CEE Bulletin on Sexual and Reproductive Rights 

No 9(31) 2005


table of contents:




BURNING ISSUE - Catholic World Youth Day


Catholic World Youth Day: International Youth Coalition.  The coalition was created by a group of young representatives of the organization from across the world including Armenia, Bolivia, Brazil, Bulgaria, Dania, Netherlands, Ireland, German, Poland, Portugal, Romania, Serbia and Montenegro, United States and Caribbean. The main goal of this well organized and trained group was to rise public awareness about the devastating effect of the bishops’ ban on condoms. Twenty eight progressive young activist asked the new Pope - Benedict XVI to build culture of life through prevention, education and care for those at risk of HIV/AIDS at 20th Catholic World Youth Day.

The most important event during the campaign were:

  • Billboard action – all pilgrims had an opportunity to see the giant Condoms4Life billboards and posters, which were displayed in many Cologne subway station and other mass transport places. The main slogan was: Good Catholics Use Condoms”.
  • The day before Catholic World Youth Day, the International Youth Coalition has organized press conference. During this event, WY4ALL representatives –activist working on sexual and reproductive health and rights issue, had advocated for the Vatican authorities to lift the ban on condoms and promote a compassionate and the only position of HIVAIDS prevention.
  • Street actions – they were the most important element of the WYD4ALL campaign. Every day the young women and men wearing red T-shirts “Condoms save lives” walked through Cologne streets and distributed stickers, postcards in German, Spanish, and English with statements: Condoms prevent HIV/AIDS” and “Good Catholics Use Condoms”. Pilgrims not affiliated with the group sometimes joined in this activity. The progressive activists took up any opportunity to talk with young Catholics from all over the world, to hear their opinion about WYD4ALL action, church statement and their individual stories connected with SRHR issues.

The most important achievement of the campaign was that the international media kept the issue of HIV/AIDS prevention and the dangerous ban on condoms central to its coverage of Catholic World Youth Day. 

The World Youth Day 4 All unites Church-Youth (www.youth.we-are-church.org), YouACT (www.youACT.org), Catholics for a Free Choice (www.catholicsforchoice.org), CDD Bolivia, Homosexuals and Church (www.huk.org).

The Condoms4Life Campaign is a project of Catholics for a Free Choice.

More information: www.wyd4all.org, www.wyd4all.blogspot.org
The Condoms4Life ad and informational brochure you can find at: www.condoms4life.org

Source: Urszula Skowronska (Polish representative of the WYD4ALL campaign)






South Eastern Europe: Trafficking. Human trafficking’s new approach is prevention. The anti-trafficking strategies need to focus on prevention through empowerment if they are to be successful shows new report by Barbara Limanowska, consultant for the office of the High Commissioner for Human Rights in Bosnia Herzegovina. The report argues that ‘prevention activities are still very limited and those that exist are neither co-ordinated nor properly evaluated’. The report analyses current trends and highlights the challenges facing anti-trafficking strategies in South East Europe, concluding with the recommendation that success depends on the adoption of prevention as the new approach to trafficking. Research for this report was carried out in Albania, Bosnia and Herzegovina (BiH), Bulgaria, Croatia, the former Yugoslav Republic of Macedonia (FYR Macedonia), Moldova, Romania, Serbia and Montenegro, and the UN Administered Province of Kosovo between January 2004 and March 2004. Project was a joint initiative of OHCHR, UNICEF and OSCE-ODIHR.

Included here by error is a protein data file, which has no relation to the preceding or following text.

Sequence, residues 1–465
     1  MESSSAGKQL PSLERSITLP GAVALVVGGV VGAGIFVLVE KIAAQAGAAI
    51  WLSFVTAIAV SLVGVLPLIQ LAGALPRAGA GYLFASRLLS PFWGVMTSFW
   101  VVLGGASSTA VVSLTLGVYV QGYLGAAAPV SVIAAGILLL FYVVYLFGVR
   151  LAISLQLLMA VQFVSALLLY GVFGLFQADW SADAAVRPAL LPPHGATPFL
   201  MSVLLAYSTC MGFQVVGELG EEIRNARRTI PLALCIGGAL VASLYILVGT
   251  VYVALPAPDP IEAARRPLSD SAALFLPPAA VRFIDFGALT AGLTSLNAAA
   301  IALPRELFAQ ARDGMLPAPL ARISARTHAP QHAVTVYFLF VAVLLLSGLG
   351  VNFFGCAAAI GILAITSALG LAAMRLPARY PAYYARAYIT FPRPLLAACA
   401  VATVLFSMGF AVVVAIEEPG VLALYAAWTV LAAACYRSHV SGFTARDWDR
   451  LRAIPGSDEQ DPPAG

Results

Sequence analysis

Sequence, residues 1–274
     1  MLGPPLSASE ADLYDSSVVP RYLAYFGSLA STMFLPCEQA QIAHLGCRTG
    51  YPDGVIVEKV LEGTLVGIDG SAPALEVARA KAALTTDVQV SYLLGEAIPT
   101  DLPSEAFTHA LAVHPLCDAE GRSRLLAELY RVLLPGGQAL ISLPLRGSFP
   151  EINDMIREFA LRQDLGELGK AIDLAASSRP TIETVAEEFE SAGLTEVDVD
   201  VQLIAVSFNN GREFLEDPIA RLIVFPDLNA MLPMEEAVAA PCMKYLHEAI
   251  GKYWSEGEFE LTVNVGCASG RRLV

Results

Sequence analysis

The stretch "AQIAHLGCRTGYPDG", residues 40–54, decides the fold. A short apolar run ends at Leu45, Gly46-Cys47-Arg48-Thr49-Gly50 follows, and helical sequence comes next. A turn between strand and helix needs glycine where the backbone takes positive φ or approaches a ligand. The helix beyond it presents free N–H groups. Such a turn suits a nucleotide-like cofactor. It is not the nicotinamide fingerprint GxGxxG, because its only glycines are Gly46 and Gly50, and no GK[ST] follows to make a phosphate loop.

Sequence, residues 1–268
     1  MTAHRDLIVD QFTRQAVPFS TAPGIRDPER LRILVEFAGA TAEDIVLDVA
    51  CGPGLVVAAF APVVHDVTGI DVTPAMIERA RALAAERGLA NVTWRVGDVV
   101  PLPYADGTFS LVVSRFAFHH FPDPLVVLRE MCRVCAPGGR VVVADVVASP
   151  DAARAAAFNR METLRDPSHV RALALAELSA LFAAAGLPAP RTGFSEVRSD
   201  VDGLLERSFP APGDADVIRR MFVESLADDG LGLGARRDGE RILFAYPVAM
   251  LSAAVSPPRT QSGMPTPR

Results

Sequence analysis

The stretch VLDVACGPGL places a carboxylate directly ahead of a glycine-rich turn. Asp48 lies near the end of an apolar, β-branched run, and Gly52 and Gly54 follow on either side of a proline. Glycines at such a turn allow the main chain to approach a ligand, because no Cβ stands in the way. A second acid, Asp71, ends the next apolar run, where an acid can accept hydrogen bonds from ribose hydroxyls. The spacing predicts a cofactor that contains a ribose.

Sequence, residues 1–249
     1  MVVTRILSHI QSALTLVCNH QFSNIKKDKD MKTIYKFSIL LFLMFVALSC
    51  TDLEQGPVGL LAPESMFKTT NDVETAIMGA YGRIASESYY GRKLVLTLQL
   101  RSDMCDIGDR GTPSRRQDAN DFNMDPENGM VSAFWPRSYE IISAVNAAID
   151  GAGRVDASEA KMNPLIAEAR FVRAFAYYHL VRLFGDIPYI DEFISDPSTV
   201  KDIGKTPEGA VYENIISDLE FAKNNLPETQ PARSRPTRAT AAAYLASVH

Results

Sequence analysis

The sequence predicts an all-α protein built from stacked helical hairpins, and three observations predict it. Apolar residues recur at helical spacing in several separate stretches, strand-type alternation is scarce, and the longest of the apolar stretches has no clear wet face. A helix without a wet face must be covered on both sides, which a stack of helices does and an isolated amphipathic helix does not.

You can download a copy of the full report from: www.seerights.org


Estonians: views on abortion. According to survey made by BNS/Faktum at the beginning of August, 53 per cent of the Estonian respondents accept abortion and think that society should accept decision of women to abort. The most tolerant are women (57 per cent), respondents aged 35-54 (59 per cent) and people with higher education (64 per cent). Only 34 per cent of Estonians with elementary or basic education have tolerant attitude towards abortion. Respondents aged 55-74 also tend to be less tolerant (47 per cent). 72 per cent of single and divorced women accept termination of pregnancy, and just 48 percent of married women hold the same view. The research was based on interviews with 399 people. More information: sise@bns.ee

Source: PUSH Journal


Kyrgyzstan Men are not interested in reproductive health issues. Kyrgyzstan men, mostly living in rural areas, have no interest in reproductive health. They think that RSHR issues are their wive’s responsiblitly. The are a lot of reason for this, including the lack of clinics’ confidentiality and the fear that neighbors will find out their problems; lack of education and awareness, lack of trust towards female medical professionals, who outnumber male medical professionals. According to “Stronger Voices for Reproductive Health” project implemented by the UNFPA just about 57 per cent of men have information abut STDs and prostate problems. If they need information or advice, they mostly go to the veterinarian to get it.

Source: PUSH Journal